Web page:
Terry H. Schwadron
Oct. 17, 2017
Facing pressure over not commenting on the deadly ambush of four U.S. soldiers in Niger 12 days ago, President Donald Trump said yesterday that he is actually more compassionate to the troops than any of his last four predecessors. It was one of those little moments of truth and personal values that characterize a presidency.
Trump said yesterday that he had just prepared letters to the families of four U.S. soldiers, adding that he may call the families as well.
Then he said that kind of outreach was his alone, that at least “some” of the last four presidents had done not so. That, of course, is not true. It’s something that they all do.
But Trump said it at a hastily called press conference meant to show that he and Senate Majority Leader Mitch McConnell are working together rather than busily hating one another. Remarkably, this time, reporters caught him red-handed in his lie — and called him on it. Indeed, each of the last four presidents had called families, written families, visited Walter Reed hospital, met returning coffins at Dover Air Force base and met with Gold Star families.
“The traditional way, if you look at President Obama and other presidents ― most of them didn’t make calls. A lot of them didn’t make calls. I like to call when it’s appropriate, when I think I’m able to do it,” Trump said. “They have made the ultimate sacrifice, so generally I would say that I like to call. I’m going to be calling them. I want a little time to pass.”
When caught in the outright lie, “President Obama, I think, probably did sometimes. Maybe sometimes he didn’t. I don’t know. That’s what I was told. All I can do is ask my generals,” he added. “Other presidents did not call. They’d write letters. Some presidents didn’t do anything. But I like the combination. When I can, I like the combination of a call and also a letter.”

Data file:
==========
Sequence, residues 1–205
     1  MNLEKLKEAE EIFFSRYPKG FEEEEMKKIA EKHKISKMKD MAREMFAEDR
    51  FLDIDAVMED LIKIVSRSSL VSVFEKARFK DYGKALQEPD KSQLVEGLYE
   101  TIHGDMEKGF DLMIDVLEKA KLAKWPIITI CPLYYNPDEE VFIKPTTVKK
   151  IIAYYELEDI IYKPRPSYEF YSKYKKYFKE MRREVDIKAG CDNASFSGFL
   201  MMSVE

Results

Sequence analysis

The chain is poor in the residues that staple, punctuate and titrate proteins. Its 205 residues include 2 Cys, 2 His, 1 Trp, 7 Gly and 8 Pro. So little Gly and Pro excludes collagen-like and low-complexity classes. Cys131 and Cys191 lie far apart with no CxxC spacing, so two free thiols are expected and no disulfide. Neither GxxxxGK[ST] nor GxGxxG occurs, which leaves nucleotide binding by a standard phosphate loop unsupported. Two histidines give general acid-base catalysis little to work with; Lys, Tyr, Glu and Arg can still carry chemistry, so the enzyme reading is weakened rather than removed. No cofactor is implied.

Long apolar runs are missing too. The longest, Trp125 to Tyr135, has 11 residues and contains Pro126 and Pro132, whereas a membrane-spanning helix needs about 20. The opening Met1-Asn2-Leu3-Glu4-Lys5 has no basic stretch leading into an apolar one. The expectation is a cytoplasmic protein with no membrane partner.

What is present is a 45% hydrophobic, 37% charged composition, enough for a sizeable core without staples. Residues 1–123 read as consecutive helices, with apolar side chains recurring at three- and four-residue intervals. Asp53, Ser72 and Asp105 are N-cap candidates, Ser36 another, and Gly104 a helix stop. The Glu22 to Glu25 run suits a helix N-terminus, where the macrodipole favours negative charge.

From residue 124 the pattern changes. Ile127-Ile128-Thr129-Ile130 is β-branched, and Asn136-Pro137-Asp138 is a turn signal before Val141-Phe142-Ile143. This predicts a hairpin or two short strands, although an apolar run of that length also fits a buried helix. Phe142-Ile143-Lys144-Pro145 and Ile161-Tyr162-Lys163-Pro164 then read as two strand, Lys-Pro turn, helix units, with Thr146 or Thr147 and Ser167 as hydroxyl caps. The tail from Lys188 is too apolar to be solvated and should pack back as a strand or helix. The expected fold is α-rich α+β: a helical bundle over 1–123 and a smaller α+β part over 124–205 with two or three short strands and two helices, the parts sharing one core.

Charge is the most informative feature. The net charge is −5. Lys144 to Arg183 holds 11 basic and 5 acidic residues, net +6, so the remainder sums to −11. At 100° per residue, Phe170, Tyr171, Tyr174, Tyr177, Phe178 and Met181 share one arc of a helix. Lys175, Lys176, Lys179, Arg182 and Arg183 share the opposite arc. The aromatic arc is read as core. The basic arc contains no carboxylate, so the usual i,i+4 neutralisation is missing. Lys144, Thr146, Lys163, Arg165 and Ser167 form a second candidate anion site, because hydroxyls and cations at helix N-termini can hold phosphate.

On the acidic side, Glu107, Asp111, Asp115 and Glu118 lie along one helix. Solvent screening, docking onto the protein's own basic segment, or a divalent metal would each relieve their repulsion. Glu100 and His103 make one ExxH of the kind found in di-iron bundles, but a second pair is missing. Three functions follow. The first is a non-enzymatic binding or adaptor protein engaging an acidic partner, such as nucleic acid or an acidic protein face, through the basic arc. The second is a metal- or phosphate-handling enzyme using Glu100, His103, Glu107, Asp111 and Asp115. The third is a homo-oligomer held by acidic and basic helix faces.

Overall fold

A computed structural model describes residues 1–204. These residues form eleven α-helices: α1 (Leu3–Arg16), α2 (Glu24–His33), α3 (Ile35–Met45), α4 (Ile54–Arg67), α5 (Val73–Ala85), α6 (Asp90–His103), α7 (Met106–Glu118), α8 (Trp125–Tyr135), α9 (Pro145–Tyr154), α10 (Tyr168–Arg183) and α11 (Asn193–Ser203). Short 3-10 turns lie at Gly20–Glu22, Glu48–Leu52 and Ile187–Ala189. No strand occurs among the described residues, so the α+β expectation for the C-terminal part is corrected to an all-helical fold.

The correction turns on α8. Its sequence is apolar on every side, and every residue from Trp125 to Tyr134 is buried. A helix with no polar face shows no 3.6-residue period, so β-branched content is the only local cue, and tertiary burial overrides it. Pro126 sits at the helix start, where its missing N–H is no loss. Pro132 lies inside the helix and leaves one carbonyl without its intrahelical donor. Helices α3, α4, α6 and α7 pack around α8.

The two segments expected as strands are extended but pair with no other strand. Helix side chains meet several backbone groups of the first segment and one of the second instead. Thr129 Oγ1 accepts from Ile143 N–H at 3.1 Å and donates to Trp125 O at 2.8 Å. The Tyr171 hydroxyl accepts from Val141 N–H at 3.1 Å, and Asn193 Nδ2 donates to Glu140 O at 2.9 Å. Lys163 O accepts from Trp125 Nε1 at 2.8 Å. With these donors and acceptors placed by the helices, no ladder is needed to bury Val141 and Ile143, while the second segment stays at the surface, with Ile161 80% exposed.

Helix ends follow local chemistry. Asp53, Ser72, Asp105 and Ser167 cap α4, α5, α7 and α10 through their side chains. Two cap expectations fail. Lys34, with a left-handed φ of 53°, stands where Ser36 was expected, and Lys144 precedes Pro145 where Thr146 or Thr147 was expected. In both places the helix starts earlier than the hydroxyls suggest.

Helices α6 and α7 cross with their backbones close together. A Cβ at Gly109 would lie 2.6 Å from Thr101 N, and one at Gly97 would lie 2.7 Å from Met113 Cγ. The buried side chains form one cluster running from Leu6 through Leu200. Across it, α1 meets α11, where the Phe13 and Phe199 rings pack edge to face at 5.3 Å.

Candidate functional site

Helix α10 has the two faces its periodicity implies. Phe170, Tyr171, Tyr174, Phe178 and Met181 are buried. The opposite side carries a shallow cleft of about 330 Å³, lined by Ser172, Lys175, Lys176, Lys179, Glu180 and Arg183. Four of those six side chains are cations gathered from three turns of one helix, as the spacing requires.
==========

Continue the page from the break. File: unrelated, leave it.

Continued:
Of course, in past tweets, Trump has said that Obama was too busy playing golf to sign condolence letters.
Actually, in saying that he was reaching out to the families, Trump was finally breaking his public silence about the fate of the four soldier deaths. Until now, there has been no official explanation of what the soldiers had been doing or why they were not rescued in time.
But why Trump needed to assert his predecessors had not written or called the families of slain American troops during their tenures was not explained. Then again, Trump has made it a personal mark never to take responsibility rather than only adulatory credit.
The Pentagon has not provided a detailed accounting of the ambush by 50 ISIS affiliated fighters which left four U.S. soldiers dead and two wounded and has said the incident remains under investigation. But reporters have talked with local officials who described details of the chaos and confusion which led to the troops being left on the ground for nearly an hour before help could get to the remote area of southwestern Niger where they were operating.
In addition, officials still do not know how Staff Sgt. Jeremiah Johnson became separated from the others; his body was recovered nearly 48 hours later. The Army identified the other soldiers killed as Staff Sgt. Bryan Black, and Staff Sgt. Dustin Wright, and Staff Sgt. Jeremiah Johnson.
Officials said the 12-man Green Beret-led team had just completed a meeting with local leaders and were walking back to their unarmored pick-up trucks when the unexpected ambush resulted in a firefight that lasted 30 minutes until French Mirage jets arrived overhead to fly low passes in an attempt to disperse the attackers.
This was in the same public remarks during which Trump once again found protesting during the playing of the national anthem unpatriotic, and calling out Hillary Clinton for defending protesters. The hubris of making this about himself instead of the soldiers and the gall of blaming other Presidents for being somehow less patriotic than himself were simply outrageous. But it was not isolated.
Just moments earlier, inside the White House, Trump acknowledged that his agenda overall is failing. “We’re not getting the job done,” he began, before quickly adding, “And I’m not going to blame myself. I’ll be honest: They are not getting the job done,” he said, referring to Congress. The buck stops at Capitol Hill, apparently. As one reporter summed up, in the span of a few seconds, Trump served notice that he separates himself from any responsibility for what Congress does or doesn’t do. It’s all on them, quite a different attitude than Trump had used for Obama.